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Local News

Nagra hearing reveals little about subpoenas

Former Joliet police officer Brian Nagra carries a stack of lawn signs while working for a local referendum campaign in 2014.
Former Joliet police officer Brian Nagra carries a stack of lawn signs while working for a local referendum campaign in 2014.

The first hearing on former Joliet police Officer Brian Nagra's case since city records were subpoenaed this month was held Thursday with little being disclosed.

Nagra faces felony charges of official misconduct and theft concerning allegations that he misrepresented overtime to collect $10,063 beyond his legitimate pay.

Subpoenaed information includes records from 12 closed meetings of the City Council in 2019.

Nagra's case was continued until April 23 during a brief hearing in Kendall County Circuit Court.

Nagra's attorney Michael Ettinger said after the hearing that he did not know when the case may go to trial.

"We're doing our investigation," he said.

Ettinger said the subpoenaed material includes a compact disc that apparently contains payroll information.

"I've got to see the disc," Ettinger said. "It's not like they had time cards where he could punch in."

A subpoena also had been issued to the Joliet Police Department

When Nagra was charged in July, Kendall County State's Attorney Eric Weis said the charges were filed there because Nagra had submitted his payroll reports at the Joliet Police Department's West Substation in Kendall County.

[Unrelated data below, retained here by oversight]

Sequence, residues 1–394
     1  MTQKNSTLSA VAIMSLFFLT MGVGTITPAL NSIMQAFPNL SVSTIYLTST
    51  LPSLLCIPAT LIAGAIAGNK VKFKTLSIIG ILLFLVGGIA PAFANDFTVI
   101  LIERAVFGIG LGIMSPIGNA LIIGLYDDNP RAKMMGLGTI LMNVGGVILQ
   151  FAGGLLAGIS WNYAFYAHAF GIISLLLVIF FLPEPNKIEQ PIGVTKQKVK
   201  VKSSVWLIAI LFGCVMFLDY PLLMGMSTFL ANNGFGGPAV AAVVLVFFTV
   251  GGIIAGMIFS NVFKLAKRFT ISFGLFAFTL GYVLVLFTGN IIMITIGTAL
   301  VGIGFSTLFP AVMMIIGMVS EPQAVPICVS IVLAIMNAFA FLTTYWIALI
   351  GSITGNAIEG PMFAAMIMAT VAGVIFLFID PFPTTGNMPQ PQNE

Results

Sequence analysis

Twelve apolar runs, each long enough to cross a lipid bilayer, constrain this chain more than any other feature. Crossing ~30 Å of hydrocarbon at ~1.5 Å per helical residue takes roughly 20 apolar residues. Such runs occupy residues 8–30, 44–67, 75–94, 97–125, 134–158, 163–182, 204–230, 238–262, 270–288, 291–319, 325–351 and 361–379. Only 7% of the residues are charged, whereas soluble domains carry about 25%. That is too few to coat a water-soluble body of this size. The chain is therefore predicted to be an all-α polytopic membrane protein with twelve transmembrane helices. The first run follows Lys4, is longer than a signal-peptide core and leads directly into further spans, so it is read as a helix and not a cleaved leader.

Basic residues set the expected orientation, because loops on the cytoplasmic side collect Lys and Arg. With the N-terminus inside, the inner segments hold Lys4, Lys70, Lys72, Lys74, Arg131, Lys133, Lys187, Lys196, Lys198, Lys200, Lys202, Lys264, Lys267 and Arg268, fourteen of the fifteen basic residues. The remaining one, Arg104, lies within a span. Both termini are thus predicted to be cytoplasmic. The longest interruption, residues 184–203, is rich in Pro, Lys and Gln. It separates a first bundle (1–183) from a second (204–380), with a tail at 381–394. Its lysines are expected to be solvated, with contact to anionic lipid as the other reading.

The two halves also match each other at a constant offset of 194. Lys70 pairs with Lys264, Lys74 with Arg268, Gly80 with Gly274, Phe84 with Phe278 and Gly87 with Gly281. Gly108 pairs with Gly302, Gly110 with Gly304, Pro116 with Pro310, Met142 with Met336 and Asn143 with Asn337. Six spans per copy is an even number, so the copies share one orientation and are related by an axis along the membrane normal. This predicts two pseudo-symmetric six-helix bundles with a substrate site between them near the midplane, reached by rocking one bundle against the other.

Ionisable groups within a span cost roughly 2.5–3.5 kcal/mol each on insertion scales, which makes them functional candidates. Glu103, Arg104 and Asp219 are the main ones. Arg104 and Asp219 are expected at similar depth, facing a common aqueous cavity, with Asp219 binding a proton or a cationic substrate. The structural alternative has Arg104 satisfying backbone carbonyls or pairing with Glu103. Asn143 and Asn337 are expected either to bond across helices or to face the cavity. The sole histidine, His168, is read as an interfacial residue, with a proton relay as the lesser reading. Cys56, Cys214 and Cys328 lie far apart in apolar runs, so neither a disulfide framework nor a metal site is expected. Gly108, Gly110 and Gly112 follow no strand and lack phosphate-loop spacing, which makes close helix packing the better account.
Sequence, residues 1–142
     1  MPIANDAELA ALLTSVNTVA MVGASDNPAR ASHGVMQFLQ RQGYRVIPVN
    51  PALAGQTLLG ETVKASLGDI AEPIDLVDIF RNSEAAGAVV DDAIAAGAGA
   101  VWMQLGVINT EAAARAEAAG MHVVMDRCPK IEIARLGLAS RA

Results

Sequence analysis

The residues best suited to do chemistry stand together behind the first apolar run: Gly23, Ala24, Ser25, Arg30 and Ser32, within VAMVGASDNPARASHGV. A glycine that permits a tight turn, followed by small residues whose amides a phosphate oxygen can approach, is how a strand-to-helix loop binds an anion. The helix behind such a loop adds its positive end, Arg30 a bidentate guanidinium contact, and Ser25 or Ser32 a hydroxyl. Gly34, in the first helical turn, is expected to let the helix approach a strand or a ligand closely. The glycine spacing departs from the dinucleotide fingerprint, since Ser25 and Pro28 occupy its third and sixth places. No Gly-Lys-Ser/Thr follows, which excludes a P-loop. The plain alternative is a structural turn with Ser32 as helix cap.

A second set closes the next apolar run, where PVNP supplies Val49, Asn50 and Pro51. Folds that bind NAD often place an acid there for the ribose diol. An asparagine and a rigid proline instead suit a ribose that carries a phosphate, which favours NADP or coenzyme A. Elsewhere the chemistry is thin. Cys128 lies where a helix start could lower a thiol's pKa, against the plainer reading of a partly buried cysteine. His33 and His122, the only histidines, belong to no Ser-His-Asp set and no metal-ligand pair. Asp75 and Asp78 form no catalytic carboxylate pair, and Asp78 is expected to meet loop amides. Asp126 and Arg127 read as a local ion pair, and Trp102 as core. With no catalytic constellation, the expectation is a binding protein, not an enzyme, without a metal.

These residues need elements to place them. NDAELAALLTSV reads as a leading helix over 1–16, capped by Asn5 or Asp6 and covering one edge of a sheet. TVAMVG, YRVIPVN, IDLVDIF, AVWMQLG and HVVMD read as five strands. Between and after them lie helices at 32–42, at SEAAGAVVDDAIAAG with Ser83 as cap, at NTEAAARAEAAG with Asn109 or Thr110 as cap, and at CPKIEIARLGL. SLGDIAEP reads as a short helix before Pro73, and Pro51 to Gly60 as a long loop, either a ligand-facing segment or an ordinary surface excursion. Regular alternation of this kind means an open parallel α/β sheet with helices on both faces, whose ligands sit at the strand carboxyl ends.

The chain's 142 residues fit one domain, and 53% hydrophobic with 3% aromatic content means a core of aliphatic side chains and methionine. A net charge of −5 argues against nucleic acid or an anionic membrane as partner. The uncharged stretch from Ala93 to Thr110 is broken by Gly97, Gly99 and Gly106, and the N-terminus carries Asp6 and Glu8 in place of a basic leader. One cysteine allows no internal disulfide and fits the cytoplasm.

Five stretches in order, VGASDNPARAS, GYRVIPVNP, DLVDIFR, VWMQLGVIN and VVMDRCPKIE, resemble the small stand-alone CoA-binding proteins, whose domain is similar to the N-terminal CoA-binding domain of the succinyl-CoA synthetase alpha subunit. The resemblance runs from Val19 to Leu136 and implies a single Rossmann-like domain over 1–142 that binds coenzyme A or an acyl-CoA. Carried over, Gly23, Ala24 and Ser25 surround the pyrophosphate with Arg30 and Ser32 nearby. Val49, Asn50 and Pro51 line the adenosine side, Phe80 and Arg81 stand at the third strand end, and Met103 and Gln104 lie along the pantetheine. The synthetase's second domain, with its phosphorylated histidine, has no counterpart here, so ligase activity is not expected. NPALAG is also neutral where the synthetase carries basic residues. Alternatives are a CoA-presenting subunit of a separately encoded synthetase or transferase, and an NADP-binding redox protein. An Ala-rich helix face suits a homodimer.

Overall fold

Assistant State's Attorney Mark Shlifka, who is prosecuting the case, would not comment on why information was sought from closed meetings of the City Council.

The subpoena sought records, notes and recordings from meetings "during which Brian Nagra or police discipline is discussed."

Nagra had been recommended for discharge and removed from duty in January 2019. But the city never brought dismissal charges to the Joliet Board of Fire and Police Commissioners, which would have had the authority to fire him.

Nagra continued to get paid, which made it possible to continue building up time on his pension until reaching 20 years of service in June. The benchmark date allows him to begin collecting his pension at age 50 instead of waiting until 60.

Nagra resigned in July, and the criminal charges were filed about three weeks later. He could lose his pension if convicted of a felony.

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